By Peter Lindfield, published in the Telegraph-Journal 28th September 2012
Are political discussions more dominated by emotions today than in the past? Several issues have polarized the public in recent years. Globally, nationally and locally, an increasing number of issues can be characterized as unmanaged even though leaders present confidence.
Emotions are not easily regulated and made submissive. Emotional arguments are far more difficult to control than discussions that are driven by facts and data.
It is not surprising then that elites prefer intellectual rigour and rational evidence-based public discourse over language infused with emotion and passion.
But public mistrust of leaders has cascaded to a general mistrust of the lexicon of facts and data. And rather than get ahead of the emotion and outrage generated by hot-button issues, the reaction of elites has tended to be defensiveness.
The conventional media has not been helpful. The journalistic practice of giving equal weight to both sides of a story, regardless of established truths on one side, has succeeded only in elevating the currency of dubious facts.
This false balance is intended to minimize the impact of emotions and passions in favour of evidence. But the consequence of this distortion of objectivity has been the discrediting of some media accounts of important stories.
The lack of credibility of fact- and evidence-based discourse is partly the consequence of rampant and complex change. While social and political instability creates the conditions for new organizational arrangements, change also tends to reinforce institutional defensiveness.
At a time when building an open architecture for crisis management or avoidance is critical, the perception is that institutions are circling the wagons for self-preservation. The consequence of this perception is even more mistrust of these institutions, whether public or private sector.
In the case of health care, Canadians are most interested in information that provides them with a better understanding of their illness and their personal relationship with their health-care providers. Recent research supports the view that more Canadians will be supportive of an innovation agenda if governments and health-care-provider organizations can demonstrate that technology, or other health-care innovations will empty into the service of personalized medicine.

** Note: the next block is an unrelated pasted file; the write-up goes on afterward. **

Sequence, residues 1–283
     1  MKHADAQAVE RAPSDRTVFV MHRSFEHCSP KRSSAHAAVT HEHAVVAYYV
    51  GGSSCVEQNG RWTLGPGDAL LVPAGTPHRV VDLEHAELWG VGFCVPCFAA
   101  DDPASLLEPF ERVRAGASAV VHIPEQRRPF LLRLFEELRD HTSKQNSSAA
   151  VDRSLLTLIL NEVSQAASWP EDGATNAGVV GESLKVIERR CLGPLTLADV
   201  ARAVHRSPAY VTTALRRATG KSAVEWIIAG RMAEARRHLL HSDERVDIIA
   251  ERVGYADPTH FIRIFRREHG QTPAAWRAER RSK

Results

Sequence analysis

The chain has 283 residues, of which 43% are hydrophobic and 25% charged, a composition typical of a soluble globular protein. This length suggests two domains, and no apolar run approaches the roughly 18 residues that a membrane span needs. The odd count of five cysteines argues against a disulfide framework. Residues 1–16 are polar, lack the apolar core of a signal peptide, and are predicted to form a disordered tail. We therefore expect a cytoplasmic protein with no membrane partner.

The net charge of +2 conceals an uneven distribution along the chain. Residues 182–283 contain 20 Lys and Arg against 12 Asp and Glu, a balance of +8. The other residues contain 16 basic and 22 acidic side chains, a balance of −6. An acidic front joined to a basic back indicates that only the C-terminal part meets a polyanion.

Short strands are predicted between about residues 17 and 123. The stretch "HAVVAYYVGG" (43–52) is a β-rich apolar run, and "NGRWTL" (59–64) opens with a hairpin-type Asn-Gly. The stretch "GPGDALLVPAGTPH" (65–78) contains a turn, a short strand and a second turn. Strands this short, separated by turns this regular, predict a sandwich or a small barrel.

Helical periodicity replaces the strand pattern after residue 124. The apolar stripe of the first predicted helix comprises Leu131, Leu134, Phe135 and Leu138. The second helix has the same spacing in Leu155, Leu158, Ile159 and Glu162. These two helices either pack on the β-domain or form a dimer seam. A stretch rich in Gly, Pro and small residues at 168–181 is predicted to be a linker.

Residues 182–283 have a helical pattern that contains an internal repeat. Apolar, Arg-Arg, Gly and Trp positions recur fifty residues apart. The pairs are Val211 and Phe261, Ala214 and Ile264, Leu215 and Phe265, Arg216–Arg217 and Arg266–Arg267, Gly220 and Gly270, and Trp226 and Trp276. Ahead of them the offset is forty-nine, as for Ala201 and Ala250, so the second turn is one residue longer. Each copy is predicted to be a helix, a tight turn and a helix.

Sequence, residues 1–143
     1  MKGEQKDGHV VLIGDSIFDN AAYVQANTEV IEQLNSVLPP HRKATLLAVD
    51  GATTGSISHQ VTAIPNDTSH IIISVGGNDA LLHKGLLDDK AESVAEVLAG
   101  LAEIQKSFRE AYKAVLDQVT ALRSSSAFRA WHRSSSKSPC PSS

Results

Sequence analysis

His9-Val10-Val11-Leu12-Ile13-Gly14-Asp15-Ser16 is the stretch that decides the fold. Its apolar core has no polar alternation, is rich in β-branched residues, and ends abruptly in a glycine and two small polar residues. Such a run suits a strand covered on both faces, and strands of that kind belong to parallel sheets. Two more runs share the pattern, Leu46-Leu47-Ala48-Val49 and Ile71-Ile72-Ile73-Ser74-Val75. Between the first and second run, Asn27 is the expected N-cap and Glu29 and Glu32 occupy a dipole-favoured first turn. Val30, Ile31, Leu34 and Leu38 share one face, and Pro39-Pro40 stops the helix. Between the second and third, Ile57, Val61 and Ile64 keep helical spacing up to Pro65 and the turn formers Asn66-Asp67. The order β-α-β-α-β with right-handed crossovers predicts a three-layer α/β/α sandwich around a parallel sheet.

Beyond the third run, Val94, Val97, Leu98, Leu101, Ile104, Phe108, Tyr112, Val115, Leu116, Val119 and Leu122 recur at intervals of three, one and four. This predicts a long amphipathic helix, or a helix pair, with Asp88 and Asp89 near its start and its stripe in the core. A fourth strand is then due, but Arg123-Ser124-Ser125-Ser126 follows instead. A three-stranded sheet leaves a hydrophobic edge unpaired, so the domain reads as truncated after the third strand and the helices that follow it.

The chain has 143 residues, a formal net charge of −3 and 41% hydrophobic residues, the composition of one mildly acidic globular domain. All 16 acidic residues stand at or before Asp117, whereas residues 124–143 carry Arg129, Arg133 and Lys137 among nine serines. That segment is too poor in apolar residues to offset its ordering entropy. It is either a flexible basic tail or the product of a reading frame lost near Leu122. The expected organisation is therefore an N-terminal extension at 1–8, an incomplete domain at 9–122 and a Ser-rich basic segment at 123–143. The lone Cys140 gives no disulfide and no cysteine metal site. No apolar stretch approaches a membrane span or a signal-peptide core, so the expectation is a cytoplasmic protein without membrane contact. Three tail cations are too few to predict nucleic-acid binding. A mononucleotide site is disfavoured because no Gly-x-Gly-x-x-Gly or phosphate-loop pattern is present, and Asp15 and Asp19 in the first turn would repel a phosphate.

In the case of health care, the facts may be so distanced from personal health issues as to render them meaningless.
The public mistrust of leaders has implications that span the global level. Many countries now possess enough political and economic power to prevent the international community from taking action, but none has the influence to reshape the status quo.
Though this global alignment presents opportunities for some nations, it also presents a multi-polar order with fewer means to address serious transnational crises.
On issues such as climate change, nuclear proliferation, cybersecurity and the scarcity of food and water, there is an increasing perception that no one is driving the bus and that the language of leaders is empty rhetoric.
The ultimate expression of emotion and passion is outrage. The distinction between risk – which implies a threat to life, health and safety and the environment – and outrage – which implies anger, fear and concern – is neither a distinction between data and emotions nor between data and values. Outrage and its elements are measurable, tangible and very real. In many instances, we have significantly better data on outrage than we have on risk.
Is it realistic to talk about taking the emotion and outrage out of the political equation? Politicians continually encounter emotional reactions to their fact- and evidence-based statements. There is an emerging recognition that we need to engage the public in constructive consensus-building, in part because conversations currently are polarized and mistrustful. The first step in that process is addressing the issue of trust.